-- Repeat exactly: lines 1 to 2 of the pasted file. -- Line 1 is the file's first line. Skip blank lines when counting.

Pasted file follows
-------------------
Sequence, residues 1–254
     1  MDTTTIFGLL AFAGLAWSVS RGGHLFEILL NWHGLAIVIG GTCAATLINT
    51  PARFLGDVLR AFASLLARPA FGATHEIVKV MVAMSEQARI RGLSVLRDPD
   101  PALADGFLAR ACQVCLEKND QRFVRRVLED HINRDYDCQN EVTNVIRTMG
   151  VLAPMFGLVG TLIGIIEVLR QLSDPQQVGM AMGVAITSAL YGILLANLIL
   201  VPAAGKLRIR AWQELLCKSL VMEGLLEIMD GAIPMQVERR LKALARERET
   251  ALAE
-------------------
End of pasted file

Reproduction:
Sequence, residues 1–254
     1  MDTTTIFGLL AFAGLAWSVS RGGHLFEILL NWHGLAIVIG GTCAATLINT